Tuberculosis and HIV--Needed: A New Paradigm for the Control and Management of Linked Epidemics

Simon J. Tsiouris, MD, MPH (corresponding author); Neel R. Gandhi, MD; Wafaa M. El-Sadr, MD, MPH; Gerald Friedland, MD

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Strengthening the Parts to Strengthen the Whole

It is important to acknowledge that it may not be possible to adopt a collaboration strategy in all settings in which HIV and TB epidemics overlap. One major barrier is the current situation that TB programs face, that is, their struggle to cope with rising caseloads driven by the HIV epidemic in the setting of insufficient structural and human resources. The additional responsibilities needed to address TB/HIV co-infection (such as on-site counselling and testing for HIV and effectively addressing issues of TB transmission and infection control) may not be feasible in already overburdened TB programs in certain settings. Similarly, national HIV programs are overwhelmed by current HIV treatment scale-up efforts and by the large number of patients seeking care and treatment. They face enormous challenges, including the need to train clinical staff, establish new laboratory services for patients with HIV and secure an uninterrupted supply of antiretroviral therapy. Finally, national TB and HIV programs in many countries may have limited authority to implement collaborative models of care, either at the national or local level.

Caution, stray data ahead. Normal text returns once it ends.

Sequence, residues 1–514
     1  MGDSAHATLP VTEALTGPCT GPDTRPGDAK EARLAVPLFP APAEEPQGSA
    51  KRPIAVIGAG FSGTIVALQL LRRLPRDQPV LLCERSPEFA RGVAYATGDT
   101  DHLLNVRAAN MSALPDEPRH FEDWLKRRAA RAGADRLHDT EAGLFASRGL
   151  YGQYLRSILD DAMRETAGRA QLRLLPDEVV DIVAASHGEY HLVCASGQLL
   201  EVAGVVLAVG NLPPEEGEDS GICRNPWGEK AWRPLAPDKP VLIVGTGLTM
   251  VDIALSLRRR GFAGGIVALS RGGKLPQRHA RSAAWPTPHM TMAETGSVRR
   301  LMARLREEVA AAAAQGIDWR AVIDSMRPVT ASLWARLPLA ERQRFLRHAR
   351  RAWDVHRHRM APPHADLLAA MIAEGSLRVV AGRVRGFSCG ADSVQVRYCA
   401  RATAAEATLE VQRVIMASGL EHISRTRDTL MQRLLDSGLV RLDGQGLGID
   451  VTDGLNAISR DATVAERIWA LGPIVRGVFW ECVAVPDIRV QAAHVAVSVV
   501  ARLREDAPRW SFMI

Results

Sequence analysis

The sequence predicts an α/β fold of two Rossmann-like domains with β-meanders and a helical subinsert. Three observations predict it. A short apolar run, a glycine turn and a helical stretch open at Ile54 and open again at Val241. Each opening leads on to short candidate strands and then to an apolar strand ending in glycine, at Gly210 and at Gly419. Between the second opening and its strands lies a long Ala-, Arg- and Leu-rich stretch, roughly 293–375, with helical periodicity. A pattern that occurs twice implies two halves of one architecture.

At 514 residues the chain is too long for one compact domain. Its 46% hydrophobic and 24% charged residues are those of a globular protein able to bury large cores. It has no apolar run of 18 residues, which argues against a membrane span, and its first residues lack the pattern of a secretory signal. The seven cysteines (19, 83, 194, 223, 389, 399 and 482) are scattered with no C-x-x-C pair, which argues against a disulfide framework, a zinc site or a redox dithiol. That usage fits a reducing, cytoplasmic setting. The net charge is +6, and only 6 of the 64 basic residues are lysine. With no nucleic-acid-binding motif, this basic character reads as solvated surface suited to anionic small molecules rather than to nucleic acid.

Action to overcome these barriers is urgently needed. An infusion of resources to strengthen TB programs, on the same scale as those received by national HIV programs, is critical. These resources could be used to improve TB diagnostic capabilities, especially as they pertain to HIV-infected patients, and to expand the number of trained TB treatment providers and directly observed therapy supporters. As HIV programs establish their care and treatment programs, attention to issues of TB co-infection such as active TB case-finding, must be included, because TB represents one of the most common opportunistic infections that threatens the health of patients with HIV and carries a dangerous risk of transmission of both drug-susceptible and drug-resistant TB to others, particularly those with HIV infection.[4] Lastly, the World Health Organization has advocated the creation of national TB/HIV working groups, which would have the authority to oversee increased collaboration and integration of TB and HIV programs and services at both national and local levels.

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